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Military camaraderie bonds pair

Soldier and retiree forge friendship that bridges generational gap

Chandler Caughie, a 94-year-old retiree, shares a laugh with Chief Warrant Officer 2 David Spaulding, C Company, 1-112th Aviation Battalion, during a recent visit. Photo by J.M. Simpson

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The security guards at Joint Base Lewis-McChord Main Gate know 94-year-old Chandler Caughie by the age of his identification card.

"The guards comment that his military ID is the oldest they've ever seen," said Chief Warrant Officer 2 David Spaulding during a recent visit with Caughie.

The card was issued during the 1950s.  Caughie served in the Coast Guard and the Navy as a radio operator, retiring in 1975.

As for Spaulding, assigned to C Company, 1-112th Aviation Battalion, he met Caughie just over a year ago.  A bond of respect and admiration quickly ensued.

"We developed a friendship based on military camaraderie," said Spaulding. "We have a lot in common as service members."

One of those qualities is the spirit of independence and humor that pervades Caughie's life.

"He has a great sense of humor, albeit it is spiced with a bit of stubbornness," said Spaulding.

One of Caughie's ideas - laced with humorous intent - is to enlist Spaulding in order to escape from the convalescent and rehabilitation center that is his home. He recently moved into the center due to failing health.

Their friendship deepened, and Spaulding takes Caughie to JBLM Main to visit the PX and to get a haircut at Kim's Barber Shop (also known as the Fort Lewis Cascade Community Club Barber Shop).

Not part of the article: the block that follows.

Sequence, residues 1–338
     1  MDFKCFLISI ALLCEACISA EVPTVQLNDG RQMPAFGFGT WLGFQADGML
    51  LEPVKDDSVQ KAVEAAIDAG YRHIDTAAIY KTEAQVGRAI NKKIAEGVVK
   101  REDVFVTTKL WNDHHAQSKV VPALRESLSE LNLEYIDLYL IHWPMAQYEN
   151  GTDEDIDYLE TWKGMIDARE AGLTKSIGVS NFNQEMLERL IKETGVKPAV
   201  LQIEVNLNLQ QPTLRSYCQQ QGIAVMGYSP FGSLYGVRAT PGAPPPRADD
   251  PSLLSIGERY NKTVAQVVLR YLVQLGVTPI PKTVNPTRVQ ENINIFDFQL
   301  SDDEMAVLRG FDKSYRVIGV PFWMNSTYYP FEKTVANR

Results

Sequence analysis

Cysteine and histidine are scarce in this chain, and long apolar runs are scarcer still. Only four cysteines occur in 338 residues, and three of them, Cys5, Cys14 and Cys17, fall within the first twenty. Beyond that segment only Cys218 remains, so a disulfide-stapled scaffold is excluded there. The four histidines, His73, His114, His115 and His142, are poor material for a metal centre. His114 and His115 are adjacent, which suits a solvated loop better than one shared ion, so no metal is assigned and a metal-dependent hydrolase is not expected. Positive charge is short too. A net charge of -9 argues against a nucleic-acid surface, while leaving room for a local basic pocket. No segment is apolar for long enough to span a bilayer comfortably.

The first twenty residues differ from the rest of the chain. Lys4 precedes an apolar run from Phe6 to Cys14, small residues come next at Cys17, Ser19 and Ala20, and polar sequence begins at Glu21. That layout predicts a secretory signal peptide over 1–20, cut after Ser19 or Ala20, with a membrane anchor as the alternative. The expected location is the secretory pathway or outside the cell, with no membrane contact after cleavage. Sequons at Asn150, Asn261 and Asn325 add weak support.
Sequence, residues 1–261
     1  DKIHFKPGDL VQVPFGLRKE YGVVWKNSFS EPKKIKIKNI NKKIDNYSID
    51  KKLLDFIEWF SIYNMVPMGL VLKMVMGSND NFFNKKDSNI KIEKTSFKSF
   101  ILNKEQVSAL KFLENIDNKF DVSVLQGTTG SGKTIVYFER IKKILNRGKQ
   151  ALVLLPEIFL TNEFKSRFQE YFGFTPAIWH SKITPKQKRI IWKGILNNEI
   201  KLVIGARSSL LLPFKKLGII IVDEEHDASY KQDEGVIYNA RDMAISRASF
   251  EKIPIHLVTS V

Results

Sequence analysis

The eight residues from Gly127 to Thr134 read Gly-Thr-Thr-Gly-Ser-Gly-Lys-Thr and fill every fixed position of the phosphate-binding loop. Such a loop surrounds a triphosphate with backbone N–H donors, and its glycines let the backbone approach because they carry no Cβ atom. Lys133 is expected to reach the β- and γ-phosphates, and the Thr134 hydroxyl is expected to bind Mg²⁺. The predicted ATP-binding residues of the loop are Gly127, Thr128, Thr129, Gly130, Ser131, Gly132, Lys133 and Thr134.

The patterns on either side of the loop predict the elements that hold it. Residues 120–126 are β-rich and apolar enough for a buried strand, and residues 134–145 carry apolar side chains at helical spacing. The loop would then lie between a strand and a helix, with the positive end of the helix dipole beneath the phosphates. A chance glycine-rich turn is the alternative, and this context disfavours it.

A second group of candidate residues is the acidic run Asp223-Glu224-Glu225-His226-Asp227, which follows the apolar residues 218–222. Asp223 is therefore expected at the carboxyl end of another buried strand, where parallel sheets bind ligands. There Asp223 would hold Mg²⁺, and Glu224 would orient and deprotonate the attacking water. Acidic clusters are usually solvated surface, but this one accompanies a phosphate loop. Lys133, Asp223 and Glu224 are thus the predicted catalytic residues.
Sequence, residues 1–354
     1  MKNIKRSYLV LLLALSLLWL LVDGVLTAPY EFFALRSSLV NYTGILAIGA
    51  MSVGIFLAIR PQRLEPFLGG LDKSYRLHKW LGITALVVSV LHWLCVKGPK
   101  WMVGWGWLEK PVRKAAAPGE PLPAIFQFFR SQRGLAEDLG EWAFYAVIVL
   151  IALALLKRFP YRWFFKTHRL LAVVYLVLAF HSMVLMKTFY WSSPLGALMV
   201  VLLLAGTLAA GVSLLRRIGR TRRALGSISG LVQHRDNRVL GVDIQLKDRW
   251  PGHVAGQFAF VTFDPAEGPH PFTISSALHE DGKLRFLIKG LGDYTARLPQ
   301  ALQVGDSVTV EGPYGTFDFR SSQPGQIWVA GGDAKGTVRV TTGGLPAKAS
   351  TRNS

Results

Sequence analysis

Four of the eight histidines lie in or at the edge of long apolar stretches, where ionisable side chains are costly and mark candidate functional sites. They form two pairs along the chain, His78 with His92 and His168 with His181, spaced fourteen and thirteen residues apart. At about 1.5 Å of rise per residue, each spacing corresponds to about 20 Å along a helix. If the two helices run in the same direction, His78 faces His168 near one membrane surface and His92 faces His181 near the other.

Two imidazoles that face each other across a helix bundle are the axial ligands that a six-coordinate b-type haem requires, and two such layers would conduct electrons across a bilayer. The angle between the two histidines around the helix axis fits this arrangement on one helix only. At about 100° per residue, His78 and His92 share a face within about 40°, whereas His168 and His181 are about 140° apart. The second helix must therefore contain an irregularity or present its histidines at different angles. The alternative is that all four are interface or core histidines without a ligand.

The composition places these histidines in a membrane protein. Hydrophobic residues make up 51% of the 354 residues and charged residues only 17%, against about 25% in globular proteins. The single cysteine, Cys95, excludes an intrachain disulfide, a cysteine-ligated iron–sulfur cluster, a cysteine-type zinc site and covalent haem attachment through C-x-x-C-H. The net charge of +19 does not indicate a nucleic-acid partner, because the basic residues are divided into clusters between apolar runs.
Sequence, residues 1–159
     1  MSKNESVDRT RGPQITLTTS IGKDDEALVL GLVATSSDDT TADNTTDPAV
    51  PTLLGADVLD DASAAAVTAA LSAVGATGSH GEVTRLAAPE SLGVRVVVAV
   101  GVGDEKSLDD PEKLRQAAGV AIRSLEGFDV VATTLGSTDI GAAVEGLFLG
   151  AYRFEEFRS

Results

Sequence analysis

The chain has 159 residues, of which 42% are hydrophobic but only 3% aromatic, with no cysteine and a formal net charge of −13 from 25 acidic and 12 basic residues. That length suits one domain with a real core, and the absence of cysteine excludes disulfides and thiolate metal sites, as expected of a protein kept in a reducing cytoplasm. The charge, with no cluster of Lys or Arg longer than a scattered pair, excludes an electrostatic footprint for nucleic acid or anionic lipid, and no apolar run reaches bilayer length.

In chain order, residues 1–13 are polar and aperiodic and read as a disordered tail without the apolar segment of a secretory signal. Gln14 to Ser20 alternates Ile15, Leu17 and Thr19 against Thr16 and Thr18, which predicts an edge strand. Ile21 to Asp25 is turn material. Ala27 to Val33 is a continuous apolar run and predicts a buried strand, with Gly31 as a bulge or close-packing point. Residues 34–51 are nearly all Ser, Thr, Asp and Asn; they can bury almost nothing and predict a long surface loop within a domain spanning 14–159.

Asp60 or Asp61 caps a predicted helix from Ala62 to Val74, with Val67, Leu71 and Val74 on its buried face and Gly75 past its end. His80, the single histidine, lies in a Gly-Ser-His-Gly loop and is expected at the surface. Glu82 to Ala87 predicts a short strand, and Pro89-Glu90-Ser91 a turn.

"He likes to poke around the PX for a while; he gets a haircut and sometimes gets something to eat," said Spaulding.

As for Caughie, he loves to talk about his past and what it means to him.

"It was a great trail to follow, the tradition of serving," he said with a grin and a twinkle in his eyes. "I've had adventures beyond belief," continued Caughie.  "I could wear you out with my stories."

When it became apparent that Caughie was no longer able to travel to JBLM Main, Spaulding approached the barbers at Kim's and asked if they would be willing to visit Caughie and give him a haircut.

Two of them did.

"It broke my heart to visit with him," said Kim, who declined to give her last name.

"But whenever he came in to the barbershop, he was always positive and would talk with soldiers and make them feel proud."

Kim and another stylist recently traveled to the center and gave Caughie a haircut.

"Neither woman complained, and they both were very kind to him," said Spaulding.

Neither accepted payment for their work.

Caughie could not have been happier; he made it clear that he thought he had had the best haircut he'd ever received.

After reflecting for a moment, he looked up and quietly said regarding Spaulding, "You'd have to dig and scratch to find a better friend."

He's half right.

One has to work hard to find a man with the good humor and spirit of veteran Chandler Caughie as he prepares for his last sailing.

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